Gleaning Wisdom: Managing Logistics
In this third installment of Gleaning Wisdom, Amy explores the logistics of managing dozens of partner farms. The simple fact that farms that grow a variety of produce, much of which peaks at different times of the year, is a challenge on its own. When Mother Nature decides to exert her power and deluge the Eastern Shore with five inches of rain in one day while leaving Baltimore County dry for five weeks, things get even more complicated.
Greetings from a hot, soggy, and muggy Eastern Shore!
I absolutely love serving as the Farm to Food Bank Coordinator for the Maryland Food Bank and am thankful to perform a job that I am so passionate about. That being said, there are a lot of logistics that must be managed to ensure the programs’ continued growth and success. Intertwined within those logistics is the unknown factor called Mother Nature, who has a mind of her own.
You may recall that the program works in one of three ways:
- Farmers call with excess produce we pick up
- When granted permission, we go into farmers’ fields to glean produce using volunteers and pre-release inmates and
- We purchase produce from across Maryland to supplement donations
Unfortunately, due to both Mother Nature and the logistics of farming, my role in the process is completely reactionary.
The Logistics of Freshness
Timing is of the essence in dealing with fresh produce. A block of sweet corn that is good one day, may be too big the next. A peach or apple on a tree will only be good for so long before it becomes over-ripe.
So when I am contacted, gleaning has to happen quickly!
For example, Mason Farms Produce in Queen Anne’s County texted me on a Tuesday requesting a gleaning for Wednesday. Thankfully 15 adults (some of which brought their children) were able to help on short notice. This is why having a large volunteer network is so vitally important to the success of the gleaning program.
Not all places we glean have the supplies required for a smooth harvest, like pallets, bins, 5/8 bushel baskets, ladders, and/or tractors with forks or forklifts. So I have to figure out how to transport the produce to a location where this type of equipment is available.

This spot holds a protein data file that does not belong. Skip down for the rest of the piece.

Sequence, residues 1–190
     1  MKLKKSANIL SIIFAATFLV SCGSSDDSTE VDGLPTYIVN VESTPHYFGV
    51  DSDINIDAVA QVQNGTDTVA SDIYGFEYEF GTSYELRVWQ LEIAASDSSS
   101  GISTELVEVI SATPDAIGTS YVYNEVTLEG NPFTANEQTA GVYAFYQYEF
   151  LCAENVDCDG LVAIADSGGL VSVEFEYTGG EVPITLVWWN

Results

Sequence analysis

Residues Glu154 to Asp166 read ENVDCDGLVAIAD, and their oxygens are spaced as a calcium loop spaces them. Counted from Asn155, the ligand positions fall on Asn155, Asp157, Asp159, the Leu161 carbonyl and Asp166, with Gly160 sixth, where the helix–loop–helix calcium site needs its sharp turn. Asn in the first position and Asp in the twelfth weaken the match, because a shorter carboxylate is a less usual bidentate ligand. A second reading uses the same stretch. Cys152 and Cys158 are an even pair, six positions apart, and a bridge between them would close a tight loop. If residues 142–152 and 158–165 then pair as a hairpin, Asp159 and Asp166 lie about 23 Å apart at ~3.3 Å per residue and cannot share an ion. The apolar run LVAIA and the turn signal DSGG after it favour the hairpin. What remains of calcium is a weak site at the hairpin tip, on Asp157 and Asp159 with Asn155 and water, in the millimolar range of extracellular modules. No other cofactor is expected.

Oftentimes that means using our donated F-250 — which holds two pallets — and my friends’ trailer (which also holds two pallets) to haul product to my dad’s shop where there is a tractor with forks. If anyone out there would like to donate a top deck trailer, we could move much more produce from these fields!
How Mother Nature Affects Logistics
Most people think that rain is a good thing for farms. While that is true, the amount of rain that a sometimes fickle Mother Nature decides to deliver can significantly affect gleaning logistics.
With all the recent rain, we’re unable to dig contract potatoes in Southern Maryland because the ground is too wet for the equipment. Yet one of our partner farms in Baltimore County went five weeks without rain.
Famers here on the Shore are watching watermelons succumb to disease due to excess rain. An inch of rain is great, but five inches or more at one time? Not so good.
Last week I worked with a new farm partner in Kent County and with the help of our dedicated volunteers, gleaned eight bins of sweet corn in a downpour. I did not have a single dry spot on my body and when I got home, my rain gauge measured 4.8″ of water in it. But as I said before, it had to be done because the corn would have been too big otherwise.
It’s hot, it’s humid, it’s wet, and it’s been challenging. But we keep going, doing the best we can to provide farm fresh produce to those who need assistance… UNTIL HUNGER ENDS!
About the Author
Amy Cawley has been the coordinator of the Farm to Food Bank Program since 2010. She has a deep passion for agriculture, which fuels her efforts to make sure that every food-insecure Marylander has consistent access to nutritious, fresh produce.
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